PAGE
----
Dec. 2 (Bloomberg) -- Fourteen million London area customers face as much as an 11 percent rise in bills after Thames Water Utilities Ltd. said the privately owned company needs that much to pay for a giant sewer project and upgrades.
Average bills would climb to 398 pounds ($651) a year by 2020 from 358 pounds now, mostly for a “super-sewer” project that follows the course of the capital’s river for 20 miles, the U.K.’s largest water provider said today. The utility plans to invest 5.1 billion pounds for the five-year period starting 2015 to build the Thames Tideway Tunnel and modernize networks.
“Much of London’s water and sewerage infrastructure dates from Victorian times,” Thames Water Chief Executive Officer Martin Baggs said in a statement seeking higher rates. “This infrastructure needs upgrading which inevitably puts pressure on bills. We have been spending 1 billion pounds every year on this work but there is a lot more that needs to be done.”
The U.K. water regulator Ofwat is reviewing prices that companies can charge for the five years beginning in 2015. Utilities were required to submit their business plans today as Ofwat will make its decision on the rate requests in a year.
United Utilities Group Plc, the country’s largest publicly traded water company, proposed an average bill decrease of 1.7 percent. Severn Trent Plc, the second-biggest, said bills will rise about 1.2 percent below inflation over the five-year period with prices frozen in the first year. And Pennon Group Plc’s South West Water unit will freeze bills in 2014-2015, with average bills below inflation thereafter.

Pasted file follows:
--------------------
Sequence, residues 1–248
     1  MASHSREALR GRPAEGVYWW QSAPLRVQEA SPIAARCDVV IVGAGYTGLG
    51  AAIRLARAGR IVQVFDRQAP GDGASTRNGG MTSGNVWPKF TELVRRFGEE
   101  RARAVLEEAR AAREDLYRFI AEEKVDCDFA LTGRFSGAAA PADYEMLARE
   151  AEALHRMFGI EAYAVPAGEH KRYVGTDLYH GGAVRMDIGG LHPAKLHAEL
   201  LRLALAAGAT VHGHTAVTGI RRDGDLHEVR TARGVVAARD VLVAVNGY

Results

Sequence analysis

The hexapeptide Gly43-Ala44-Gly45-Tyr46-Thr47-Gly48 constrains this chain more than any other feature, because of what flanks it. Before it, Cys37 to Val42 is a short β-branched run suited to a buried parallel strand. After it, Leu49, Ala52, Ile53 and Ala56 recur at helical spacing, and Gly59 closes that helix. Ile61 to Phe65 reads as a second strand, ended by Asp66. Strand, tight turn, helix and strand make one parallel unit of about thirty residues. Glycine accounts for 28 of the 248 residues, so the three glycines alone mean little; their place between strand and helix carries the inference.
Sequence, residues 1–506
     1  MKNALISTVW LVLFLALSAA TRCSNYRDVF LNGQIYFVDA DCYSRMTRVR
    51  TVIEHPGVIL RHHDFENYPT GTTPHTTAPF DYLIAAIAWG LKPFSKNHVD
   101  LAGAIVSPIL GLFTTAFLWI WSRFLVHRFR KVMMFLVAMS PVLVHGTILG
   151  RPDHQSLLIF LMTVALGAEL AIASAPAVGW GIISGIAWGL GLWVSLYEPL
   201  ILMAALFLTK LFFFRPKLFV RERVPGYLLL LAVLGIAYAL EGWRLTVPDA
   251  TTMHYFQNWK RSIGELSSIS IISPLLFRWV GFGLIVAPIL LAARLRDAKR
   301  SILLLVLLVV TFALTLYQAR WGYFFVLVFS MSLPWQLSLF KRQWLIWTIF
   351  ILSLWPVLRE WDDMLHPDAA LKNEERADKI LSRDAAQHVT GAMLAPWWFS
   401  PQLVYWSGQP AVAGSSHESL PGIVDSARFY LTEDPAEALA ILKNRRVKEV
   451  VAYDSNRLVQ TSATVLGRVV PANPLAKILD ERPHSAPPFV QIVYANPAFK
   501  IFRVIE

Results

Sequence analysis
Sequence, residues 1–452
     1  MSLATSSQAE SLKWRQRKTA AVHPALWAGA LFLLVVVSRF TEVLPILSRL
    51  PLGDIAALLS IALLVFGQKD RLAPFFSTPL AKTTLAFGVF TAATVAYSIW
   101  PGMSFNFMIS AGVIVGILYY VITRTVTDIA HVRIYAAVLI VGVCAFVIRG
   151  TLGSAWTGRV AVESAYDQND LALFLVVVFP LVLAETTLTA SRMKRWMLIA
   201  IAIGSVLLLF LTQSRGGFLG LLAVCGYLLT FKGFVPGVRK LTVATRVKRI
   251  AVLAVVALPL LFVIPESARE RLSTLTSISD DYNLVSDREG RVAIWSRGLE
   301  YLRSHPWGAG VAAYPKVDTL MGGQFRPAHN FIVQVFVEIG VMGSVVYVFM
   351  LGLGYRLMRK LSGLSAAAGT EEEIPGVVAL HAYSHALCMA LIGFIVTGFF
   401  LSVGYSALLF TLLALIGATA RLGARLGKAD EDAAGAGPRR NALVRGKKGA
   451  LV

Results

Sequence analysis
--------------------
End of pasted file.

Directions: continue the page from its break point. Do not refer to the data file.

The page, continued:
Ofwat in October rejected Thames Water’s request to charge customers an extra 29 pounds in 2014-2015 to help it buy land for its super-sewer project. Thames Water now says it needs eight pounds a year above inflation from customers.
The project would involve building a 7.2-meter-wide (24- foot) concrete tunnel west to east along the river, intercepting overflow points and shunting excess sewage to treatment plants. At present at least 30 million tons of excrement and waste spill each year into the famed river.
Britain has been debating a limit on water bills as most the six largest energy suppliers boosted gas and power prices this fall at three to four times the inflation rate.
--Editors: Randall Hackley, Reed Landberg